Wednesday, February 26, 2020

Pride and Fall

I was discussing interplanetary colonization with an acquaintance recently. I don’t foresee that in any likely near future, while my interlocutor is convinced it’s a near certainty. Opinions do differ! The discussion did degenerate, sadly, into ad hominem characterizations. I was put into the “genteel-poverty crowd”; I called my acquaintance a “technocrat”. He accepted the label gracefully enough.

Predicting the future involves some kind of model. The simplest common model is an exponential function. For example, the world population might be increasing at 2% per year. With that simple model we can forecast the population at any time in the future. Science is largely a matter of developing, testing, and refining models for various facets of the natural world, by comparing the various models’ predictions against real world experience.

How this whole dialectic interplay between theory and experiment actually proceeds, or should proceed, is a topic of endless discussion among philosophers of science. Scientists have got the orbit of the moon around the earth figured out with remarkable precision. Philosophers of science continue to struggle to come to any basic understanding of how that precise figuring has come about.

Immanuel Kant’s philosophy is a major waypoint in understanding how science progresses. His notion of synthetic a priori judgements accounts for the fact that models cannot be inferred directly from the data of experience. It seems clear by now that our thinking is more adaptable than Kant gave us credit for. But still, it often takes a succession of generations of scientists for a new conception to take root. Our ways of seeing the world are quite deeply rooted.

In my recent discussion on interplanetary colonization, my acquaintance made a remarkable declaration: “Technocrats don’t have preconceptions.” I don’t think this is any kind of unique or even unusual attitude. Most scientists dismiss philosophy of science as being irrelevant. Generally they take for granted a kind of direct insight into the nature of phenomena. The task of science looks, from this perspective, a bit like that of a surveyor mapping out a new territory. Probably even real surveying is a bit trickier than this kind of na├»ve notion would portray it!

Our modern civilization is built on science. Practically every facet of our lives has been explored scientifically. Our lives are, in turn, structured by these scientific models, be they mechanical, chemical, biological, geological, or whatever. It is quite easy to slip into thinking that we have pretty much figured it all out. The stable structures of our lives mesh neatly with the stable structures of our ideas.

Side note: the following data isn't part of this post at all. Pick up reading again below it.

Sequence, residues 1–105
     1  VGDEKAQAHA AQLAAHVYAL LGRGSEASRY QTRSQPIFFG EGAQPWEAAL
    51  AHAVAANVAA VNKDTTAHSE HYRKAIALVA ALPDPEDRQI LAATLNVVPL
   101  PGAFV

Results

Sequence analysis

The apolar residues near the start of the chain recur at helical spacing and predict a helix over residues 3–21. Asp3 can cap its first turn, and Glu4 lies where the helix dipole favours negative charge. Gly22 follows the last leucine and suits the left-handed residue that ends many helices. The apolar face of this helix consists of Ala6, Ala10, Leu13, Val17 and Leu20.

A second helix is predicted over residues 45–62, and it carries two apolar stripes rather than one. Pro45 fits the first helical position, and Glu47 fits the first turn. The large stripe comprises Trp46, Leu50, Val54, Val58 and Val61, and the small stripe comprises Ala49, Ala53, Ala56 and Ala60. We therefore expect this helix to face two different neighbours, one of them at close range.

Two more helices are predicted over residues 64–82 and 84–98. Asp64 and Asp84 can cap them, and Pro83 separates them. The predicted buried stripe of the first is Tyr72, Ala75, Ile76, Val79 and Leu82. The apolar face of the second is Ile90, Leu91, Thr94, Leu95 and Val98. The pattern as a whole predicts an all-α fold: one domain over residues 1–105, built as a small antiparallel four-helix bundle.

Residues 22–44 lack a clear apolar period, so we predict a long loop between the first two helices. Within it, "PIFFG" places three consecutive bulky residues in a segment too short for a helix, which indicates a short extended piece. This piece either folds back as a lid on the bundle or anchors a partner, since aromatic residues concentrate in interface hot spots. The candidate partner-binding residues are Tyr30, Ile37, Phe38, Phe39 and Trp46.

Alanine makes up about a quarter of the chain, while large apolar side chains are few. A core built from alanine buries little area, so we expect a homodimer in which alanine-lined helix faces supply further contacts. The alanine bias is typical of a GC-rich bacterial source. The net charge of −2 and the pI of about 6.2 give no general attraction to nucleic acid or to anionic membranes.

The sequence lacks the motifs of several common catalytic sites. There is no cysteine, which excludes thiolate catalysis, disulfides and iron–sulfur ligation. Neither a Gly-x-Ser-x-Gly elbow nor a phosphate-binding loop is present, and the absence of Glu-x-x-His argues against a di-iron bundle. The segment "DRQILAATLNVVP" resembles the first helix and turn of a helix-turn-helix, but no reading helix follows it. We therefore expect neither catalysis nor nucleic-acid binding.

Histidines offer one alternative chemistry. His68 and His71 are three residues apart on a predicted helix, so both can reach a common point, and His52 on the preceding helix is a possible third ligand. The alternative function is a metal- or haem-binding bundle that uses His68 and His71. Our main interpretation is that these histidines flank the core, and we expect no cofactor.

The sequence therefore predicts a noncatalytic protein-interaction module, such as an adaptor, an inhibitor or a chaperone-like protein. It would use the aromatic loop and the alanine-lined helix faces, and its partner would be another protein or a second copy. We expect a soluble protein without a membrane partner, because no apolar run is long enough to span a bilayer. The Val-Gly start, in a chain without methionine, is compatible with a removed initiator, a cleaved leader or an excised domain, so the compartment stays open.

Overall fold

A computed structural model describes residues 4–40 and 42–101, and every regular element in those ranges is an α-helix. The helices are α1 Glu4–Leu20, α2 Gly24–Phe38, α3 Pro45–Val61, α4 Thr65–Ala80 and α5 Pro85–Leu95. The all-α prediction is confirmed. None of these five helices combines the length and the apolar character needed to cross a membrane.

It may be just my own preconception, but things do change. The notion of environmental constraints has been talked about at least since Malthus, a couple hundred years ago, but clearly we humans have been very successful in circumventing whatever limits have appeared. How long this run of success will continue… that’s one of the core controversies of our time. What interests me here is not this or that model on which to build a forecast. What interests me is how the shape of the future can appear unquestionable to the cultish wing of the technocratic faith. More precisely, how might this kind of blind faith affect our ability to navigate any turbulence in the coming decades.

There is a curious paradox here. The notions of Malthusian limits, of climate change, of turbulence on the horizon: these are all scientific ideas. Science forecasts change, but science is not really ready for change.

Supposing that we actually do run out of miracles and Malthusian limits do finally get their teeth into us. What’s the impact going to be? Will it just be a matter of maybe replacing our air conditioners with more efficient units? Or are we facing famine and plague and the decimation of the population? These questions have been discussed extensively. A question that gets much less attention, though: what will happen to science? Certainly there are deep visionaries in the scientific community who can foresee the coming turbulence and begin to sketch what a post-collapse laboratory might look like. But a large fraction of the members of the greater scientific-technocratic subculture share my acquaintance’s blind faith, I fear, in the eternal stability of the present system: a steady growth in watts per capita and the rest of it. This kind of blind faith will not help us navigate any sort of coming collapse!